Whatever way you look at it, rebranding is vital in establishing a new market position — but it is also risky. A rebrand is not only expensive to create and launch, but stakeholders may also resist a rebrand because of how a change will impact them. A mediocre rebranding attempt can result in brand confusion and ultimately depreciate the brand. A rebrand requires careful planning and clear and specific messaging for stakeholders.
Throughout every step of the rebranding process, your stakeholders are asking two questions that your rebranding campaign should clearly answer for every stakeholder group:
- Why is this happening?
- What does it mean for me?
This post will dive into four key considerations to ensure a successful rebranding strategy.
1) What are the business reasons for the rebrand?
Perhaps your company has launched a new product or service, and you need the brand design and messaging to coordinate. Or, maybe your company has outgrown your brand, and you feel it needs modernizing to look and feel more contemporary. Or your target audience or customer base has changed (e.g., merger or acquisition), and your current brand message no longer resonates. Very likely, you are considering a rebrand because market competition is forcing you to evolve and innovate — or get left behind.
This is a critical step that helps a business navigate the transition and specify a distinct move from ‘before’ to ‘after.’ Once you understand the reasons, it will steer you in the right direction in remedying the issues.
2) What are the perceptions around your brand?
Once you are clear on the business reasons for considering a rebrand, the next step is to conduct a brand audit to assess current brand positioning and perceptions.
You may think that you have an accurate understanding of how your brand is perceived by the outside world and have valid reasons for changing or updating it. However, if you base your decision on internal perceptions alone, you could be making a big mistake.
Ultimately you want an objective understanding of your brand's perception. This requires both internal and external research, so you make decisions based on the knowledge of where your brand is positioned today and where it needs to go in the future. You might discover that your brand positioning is strong and has a positive perception among your customers and that changing the brand could have a negative impact.
Researching your current customers and target market gives you a better understanding of how those outside your business perceive your brand. This can highlight areas for improvement that you would miss if you just reviewed the brand internally. This research can also identify key areas where your current brand is solid or vulnerable and help you formulate a rebranding strategy that is compatible with your existing brand strengths and overcomes its weaknesses.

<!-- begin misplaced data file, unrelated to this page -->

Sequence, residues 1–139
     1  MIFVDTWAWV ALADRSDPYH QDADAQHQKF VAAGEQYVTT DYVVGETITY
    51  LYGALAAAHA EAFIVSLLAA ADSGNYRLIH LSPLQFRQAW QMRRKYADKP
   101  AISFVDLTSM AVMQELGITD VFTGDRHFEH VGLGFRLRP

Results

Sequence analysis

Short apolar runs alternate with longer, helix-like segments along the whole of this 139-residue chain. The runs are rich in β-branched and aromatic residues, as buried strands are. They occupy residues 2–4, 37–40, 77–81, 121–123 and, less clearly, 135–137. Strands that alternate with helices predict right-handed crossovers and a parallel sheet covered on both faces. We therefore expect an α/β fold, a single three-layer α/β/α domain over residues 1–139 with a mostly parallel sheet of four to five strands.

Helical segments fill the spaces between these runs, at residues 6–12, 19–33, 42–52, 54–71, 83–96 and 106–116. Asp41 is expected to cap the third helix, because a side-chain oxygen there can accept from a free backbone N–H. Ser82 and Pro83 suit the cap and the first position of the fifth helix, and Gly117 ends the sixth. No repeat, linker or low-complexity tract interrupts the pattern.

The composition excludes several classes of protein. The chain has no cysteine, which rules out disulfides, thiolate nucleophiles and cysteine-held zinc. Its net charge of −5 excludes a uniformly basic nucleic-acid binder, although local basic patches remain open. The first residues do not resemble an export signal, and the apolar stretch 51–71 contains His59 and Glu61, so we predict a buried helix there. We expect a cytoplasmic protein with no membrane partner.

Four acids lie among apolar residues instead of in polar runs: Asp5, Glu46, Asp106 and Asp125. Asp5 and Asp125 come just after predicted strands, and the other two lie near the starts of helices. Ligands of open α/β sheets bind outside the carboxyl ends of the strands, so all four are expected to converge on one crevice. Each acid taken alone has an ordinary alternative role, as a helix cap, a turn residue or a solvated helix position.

3) How does your brand compare to competitors?
Before you compare your brand to competitor’s brands, you will need to conduct a brand audit to review its touchpoints thoroughly. That means identifying everywhere your brand lives, both online and offline. You may not realize all the places that your logo exists. For example:
- Is your current branding consistent across all channels?
- What is your value proposition, and does it effectively represent your company’s values and offerings?
- What features should you keep, if any?
- What perception does your current brand communicate?
- Is it differentiated in customers’ minds?
- How do you want others to perceive your brand?
Conducting a brand audit forces you to examine and contemplate all the elements associated with your brand and ensures you are not relying solely on internal beliefs and perceptions.
Then you need to research your competitors and compare your brand. Key questions include:
- What are your competitors’ touchpoints?
- Is their branding consistent across channels?
- What is their value proposition?
- What is their brand personality?
- What central messaging do they use to communicate with their target audience?
- How do they differentiate themselves from the competition?
4) What do you want to stand for in the future?
You want a rebrand that will serve your business needs both now and in the future. So, when you're thinking of implementing changes, develop and design your brand and envision your company's future. Strategically assess your core messaging, who you are, what you stand for, what your brand promise is today, and what would you like it to be in the future?
An essential component of your brand messaging is creating a clear, concise, and compelling value proposition statement informing your customers of the outcomes they can realize using your product, service, or solution. Your strategic messaging should underscore what you stand for and differentiate your key products and services from your competitors'.
While you can save some ideas to implement at a later date, thinking about how you want the business to evolve is a great way to plan for future success.
Our experienced brand strategy consultants take the time to build relationships with our clients and help them tell their stories in compelling ways. If you’re considering a rebrand, we’re here to guide you down the right path for your business. Contact us to learn more.